Knowledge Creating Communities

As an undergrad, the idea of community surfaced quite often as theories of organizational culture and communication were brought to light by my professors. Now as a graduate student, these same thoughts and conceptualization of community and how knowledge is shared and expressed within these groups have begun to surface again. As I analyzed various research throughout the semester I couldn’t help but to pull out certain connections with what I had already known and what I was currently being taught. Various articles seemed to construct a new and deeper conceptualization of knowledge management, including research and theories of how much the advancement of technology has proven to change the scope of public sociability and information sharing.

Several of these theories and arguments seemed to jump off the page, rendering my own questions as to the dichotomous effects communicative technology, and more specifically the introduction of online communities, seem to have on how we interpret community and knowledge management as a whole.

Analyzing and applying Nonaka’s (1991) Knowledge Creating Company theory to a modern day KM platform helped bring to light several connections to past literature of previous courses. Nonaka’s theory explains how an individual’s participation and commitment are highly dependent and strongly influenced by culturally specific communitarians, group orientation and external pressures (Glisby & Holden, 2003, p. 35). Although Nonaka focuses his lens to that of organizational productivity, I began to wonder how some of these conceptualization of how knowledge is shared and transferred might apply to a community setting. As I went back to previous literature, I found several interesting connections.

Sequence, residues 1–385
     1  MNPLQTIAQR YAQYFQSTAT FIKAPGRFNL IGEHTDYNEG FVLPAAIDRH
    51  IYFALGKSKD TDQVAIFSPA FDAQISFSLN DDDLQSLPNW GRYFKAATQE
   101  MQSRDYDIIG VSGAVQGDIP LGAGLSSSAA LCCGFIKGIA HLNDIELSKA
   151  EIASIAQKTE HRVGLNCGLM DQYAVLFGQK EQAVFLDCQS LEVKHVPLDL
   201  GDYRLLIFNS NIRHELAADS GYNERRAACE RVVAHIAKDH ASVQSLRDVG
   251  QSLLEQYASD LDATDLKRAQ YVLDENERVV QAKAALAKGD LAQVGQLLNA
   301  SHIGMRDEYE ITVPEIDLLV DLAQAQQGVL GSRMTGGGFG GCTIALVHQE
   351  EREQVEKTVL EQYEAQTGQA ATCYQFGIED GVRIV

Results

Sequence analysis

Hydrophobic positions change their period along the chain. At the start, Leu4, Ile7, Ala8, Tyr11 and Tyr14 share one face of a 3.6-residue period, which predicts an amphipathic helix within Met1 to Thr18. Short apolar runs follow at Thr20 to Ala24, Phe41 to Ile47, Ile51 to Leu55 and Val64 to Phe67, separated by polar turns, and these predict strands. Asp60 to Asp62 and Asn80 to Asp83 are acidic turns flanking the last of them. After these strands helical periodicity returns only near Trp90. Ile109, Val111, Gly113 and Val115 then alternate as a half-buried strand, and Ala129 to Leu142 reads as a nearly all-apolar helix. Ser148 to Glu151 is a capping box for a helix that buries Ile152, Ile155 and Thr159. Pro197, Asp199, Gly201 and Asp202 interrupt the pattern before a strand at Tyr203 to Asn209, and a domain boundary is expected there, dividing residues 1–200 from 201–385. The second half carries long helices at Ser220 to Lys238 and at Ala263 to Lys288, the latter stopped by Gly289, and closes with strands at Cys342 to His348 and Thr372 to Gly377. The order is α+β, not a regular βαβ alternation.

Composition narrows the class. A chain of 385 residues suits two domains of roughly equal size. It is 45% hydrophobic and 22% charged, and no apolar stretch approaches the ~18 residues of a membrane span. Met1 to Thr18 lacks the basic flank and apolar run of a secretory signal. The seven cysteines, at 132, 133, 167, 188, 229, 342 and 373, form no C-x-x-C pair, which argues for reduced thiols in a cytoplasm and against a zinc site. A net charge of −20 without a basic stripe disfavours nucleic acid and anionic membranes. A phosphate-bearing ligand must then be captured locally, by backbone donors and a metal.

Of these connections, Friedland’s (2001) “local imagined community” was the first idea to really stand out. The concept is simple, and stems from Jurgen Habermas’s (1981,1987) “lifeworld” versus “system” theory of communicative action. The theory dictates that all communities lie at the interaction of various social arenas. While the lifeworld arenas form culture, personality, and institutional legitimacy through communicative action, the system arenas form integration through economic and political power.

The “local imagined community”, as described by Friedland (2001), lies at the seam of the lifeworld and system, where the national media, the subcultural media and the various forms of social networking creates a person’s sense of place in the community. This was a fascinating analysis of something that seemed so very clear and highly evident in today’s world. I began to consider how often what we see in the media and what we experience within our social community shape our communicative knowledge sharing tendencies, as in who we talk to and what we talk about. An ever growing amount of our daily conversations are tethered to our participation and commitment in our respective local imagined communities similar to ways in which Nonaka observed individuals within his knowledge creating companies.

The more I seemed to think about this connection the more fascinating it became. Feel free to share your thoughts on this connection. I thought it was pretty cool.


Friedland, Lewis. (2001). Communication, community, and democracy: Toward a theory of the communicatively integrated community. Communication Research, 28(4), 358-391.

Habermas, J. (1981,1987). The theory of communicative action: Life world and system: A critique of functionalist reason (T. Burger, Trans.) (Volume 2). Boston: Beacon.

Glisby, M. & Holden, N. (2003). Contextual constraints in knowledge management theory: The cultural embeddedness of Nonaka’s knowledge creating company. Knowledge and Process Management, 10(1), 29-36.

Nonaka, I. (1991). The knowledge creating company. Harvard Business Review, Nov.-Dec.


Leave a Reply

Fill in your details below or click an icon to log in: Logo

You are commenting using your account. Log Out /  Change )

Google photo

You are commenting using your Google account. Log Out /  Change )

Twitter picture

You are commenting using your Twitter account. Log Out /  Change )

Facebook photo

You are commenting using your Facebook account. Log Out /  Change )

Connecting to %s